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I recently watched the beginning of Monty Python's The Meaning of Life, featuring a short called "The Crimson Permanent Assurance". This film short instantly reminded me of a clip from a movie I saw a very long time ago but can't remember the name of.

The scene I remember most about this unidentified movie was a similar kind of "surrealistic" takedown of a big business corporation by (what I think was) its workers. I think this scene was towards the end of the movie, and it took place in a more modern looking building and everyone seemed to be wearing business suits. I think lots of papers flew around too. I saw the move clip sometime in the late 1990's, and the movie had the "feel" of something from the 1980's or so. I remember the surrealism of the scene made the film appear to be comedy, but I'm not entirely sure this is the case.

Unfortunately, this is all I can remember about this movie... I know it's a bit sketchy, but if anyone has any ideas as to what this movie was, I'd really appreciate it.

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Sounds a little bit like Brazil. – his Jan 19 '14 at 0:01
Brazil doesn't have a 'corporate take-down' plot, but it does have a famous paper attack sequence, so could be. – John Smith Optional Jan 19 '14 at 9:43
@JohnSmithOptional - well Sam Lowry does certainly end up on the wrong side of "The Ministry" and "Central Services" - and accused of undermining them, even though primarily he just wants to be with Jill. – iandotkelly May 20 '14 at 1:09

Its not a lot to go on but it does sound like Terry Gilliam's Brazil, (a personal favorite).


  • The Crimson Permanent Assurance, was also directed by Gilliam, and has a similar corporate feel to the strange world in Brazil. The Meaning of Life was directed by Terry Jones, but Gilliam directed this supporting feature which is shown before the rest of the movie.

  • Brazil is a satire of bureaucracy, of corporations and states. It is a world where even the plumbers have to file paperwork (a 27b/6 form).

  • The rather run-down world that Sam Lowry lives is rather strewn with trash, has bins burning, and as @JohnSmithOptional states, does have the famous 'consumed by paperwork' scene.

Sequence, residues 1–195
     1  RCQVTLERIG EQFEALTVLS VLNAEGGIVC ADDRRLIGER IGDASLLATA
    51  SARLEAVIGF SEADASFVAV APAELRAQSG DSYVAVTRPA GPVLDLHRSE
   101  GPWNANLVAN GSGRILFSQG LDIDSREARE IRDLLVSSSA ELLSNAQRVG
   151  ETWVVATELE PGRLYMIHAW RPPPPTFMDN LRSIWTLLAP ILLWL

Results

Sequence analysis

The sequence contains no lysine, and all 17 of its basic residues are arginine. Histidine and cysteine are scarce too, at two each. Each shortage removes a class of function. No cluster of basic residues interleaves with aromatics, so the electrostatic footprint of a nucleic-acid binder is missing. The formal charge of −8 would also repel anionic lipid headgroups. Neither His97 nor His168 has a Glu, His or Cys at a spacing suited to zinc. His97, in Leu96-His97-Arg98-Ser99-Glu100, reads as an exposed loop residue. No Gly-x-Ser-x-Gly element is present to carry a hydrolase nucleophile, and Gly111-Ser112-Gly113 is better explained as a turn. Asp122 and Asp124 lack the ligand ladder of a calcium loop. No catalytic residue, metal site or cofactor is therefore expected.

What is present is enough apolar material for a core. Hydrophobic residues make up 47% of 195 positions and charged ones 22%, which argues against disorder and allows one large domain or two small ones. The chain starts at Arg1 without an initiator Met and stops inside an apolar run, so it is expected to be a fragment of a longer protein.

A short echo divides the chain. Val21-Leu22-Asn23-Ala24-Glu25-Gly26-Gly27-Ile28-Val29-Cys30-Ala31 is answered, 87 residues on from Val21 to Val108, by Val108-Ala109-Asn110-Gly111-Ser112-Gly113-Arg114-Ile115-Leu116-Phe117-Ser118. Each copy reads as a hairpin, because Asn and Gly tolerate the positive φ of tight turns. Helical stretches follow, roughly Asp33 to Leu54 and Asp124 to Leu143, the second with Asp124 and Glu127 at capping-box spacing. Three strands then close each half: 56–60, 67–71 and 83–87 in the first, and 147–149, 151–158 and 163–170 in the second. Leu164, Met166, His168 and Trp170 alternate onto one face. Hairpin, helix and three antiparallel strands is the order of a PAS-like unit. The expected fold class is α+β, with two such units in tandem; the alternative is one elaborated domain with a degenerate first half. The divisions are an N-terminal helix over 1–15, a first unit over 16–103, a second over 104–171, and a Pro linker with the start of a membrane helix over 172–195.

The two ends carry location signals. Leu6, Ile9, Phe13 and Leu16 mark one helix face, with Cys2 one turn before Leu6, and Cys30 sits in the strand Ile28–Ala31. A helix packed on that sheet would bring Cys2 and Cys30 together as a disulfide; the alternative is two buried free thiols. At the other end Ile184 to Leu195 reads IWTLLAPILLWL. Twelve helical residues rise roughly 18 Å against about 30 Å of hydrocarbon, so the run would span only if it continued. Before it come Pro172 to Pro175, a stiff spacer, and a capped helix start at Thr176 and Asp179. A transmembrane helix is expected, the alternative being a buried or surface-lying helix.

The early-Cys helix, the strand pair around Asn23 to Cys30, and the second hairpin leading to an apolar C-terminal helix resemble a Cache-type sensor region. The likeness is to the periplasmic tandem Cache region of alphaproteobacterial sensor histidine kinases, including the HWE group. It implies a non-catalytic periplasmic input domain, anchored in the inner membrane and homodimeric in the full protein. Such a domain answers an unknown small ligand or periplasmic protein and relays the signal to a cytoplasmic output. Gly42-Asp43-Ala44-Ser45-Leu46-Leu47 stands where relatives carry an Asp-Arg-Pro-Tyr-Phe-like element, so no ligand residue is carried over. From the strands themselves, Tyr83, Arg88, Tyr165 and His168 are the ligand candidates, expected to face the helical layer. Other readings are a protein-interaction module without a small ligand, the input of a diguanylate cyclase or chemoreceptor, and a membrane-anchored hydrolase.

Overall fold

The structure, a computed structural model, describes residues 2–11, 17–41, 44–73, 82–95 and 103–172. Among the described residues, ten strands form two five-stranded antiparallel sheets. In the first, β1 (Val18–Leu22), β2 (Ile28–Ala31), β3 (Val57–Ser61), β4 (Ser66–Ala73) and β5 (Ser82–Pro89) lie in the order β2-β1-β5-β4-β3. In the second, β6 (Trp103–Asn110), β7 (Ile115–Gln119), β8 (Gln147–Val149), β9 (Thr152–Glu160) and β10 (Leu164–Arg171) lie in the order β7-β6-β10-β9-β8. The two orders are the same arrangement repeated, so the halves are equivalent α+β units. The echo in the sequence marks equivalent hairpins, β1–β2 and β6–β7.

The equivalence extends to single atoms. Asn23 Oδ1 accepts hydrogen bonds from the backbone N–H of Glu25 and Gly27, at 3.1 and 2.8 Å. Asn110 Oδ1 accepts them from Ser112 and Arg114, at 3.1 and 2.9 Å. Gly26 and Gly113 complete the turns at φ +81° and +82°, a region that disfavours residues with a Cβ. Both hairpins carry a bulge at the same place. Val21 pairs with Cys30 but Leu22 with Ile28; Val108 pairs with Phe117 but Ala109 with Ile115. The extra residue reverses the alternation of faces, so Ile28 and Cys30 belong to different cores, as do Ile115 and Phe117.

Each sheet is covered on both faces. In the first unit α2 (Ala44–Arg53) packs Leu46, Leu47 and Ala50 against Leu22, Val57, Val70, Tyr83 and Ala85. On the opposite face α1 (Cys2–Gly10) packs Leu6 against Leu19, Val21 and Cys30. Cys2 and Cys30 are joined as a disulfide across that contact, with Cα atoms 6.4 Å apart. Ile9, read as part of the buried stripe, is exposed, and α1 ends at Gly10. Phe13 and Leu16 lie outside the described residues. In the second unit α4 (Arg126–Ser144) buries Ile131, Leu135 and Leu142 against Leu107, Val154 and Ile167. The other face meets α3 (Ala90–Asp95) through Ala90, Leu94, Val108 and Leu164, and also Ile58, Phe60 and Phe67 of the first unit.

• It is certainly surreal - from Sam Lowry dreaming of flying in a winged suit, to Robert De Niro playing a freelance plumber who acts like he's in special-forces on a mission.

  • Also your uncertainty about whether its a comedy is entirely spot on. Its a very very dark comedy - with hugely funny scenes, but it is very dark at times and in Terry Gilliam's cut of the movie has a pretty bleak ending.

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Its also highly recommended to anyone that hasn't seen it - I'm not Gilliam's biggest fan, though 12-Monkeys is pretty good - but Brazil is just staggeringly good - for a retro-futuristic, dystopian, surreal, black comedy. Great cast too - Jonathan Pryce, Robert De Niro, Bob Hoskins, Ian Holm, Jim Broadbent, Michael Palin ..... – iandotkelly May 20 '14 at 1:20

I think this might be the Michael J. Fox movie, "Secret of My Success".

Michael J. Fox gets a job from a distant relative in the mail room of a corporation, and through key friendships with other financial people, impersonates an executive in the corporation and orchestrates a takeover of both his corporation and another corporation that was going to buy them out, assisted by the daughter of the founder and other co-workers (Secretary and friends from mail room).

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was there any surrealistic element to that movie? – Michael Stern Apr 21 '14 at 13:19

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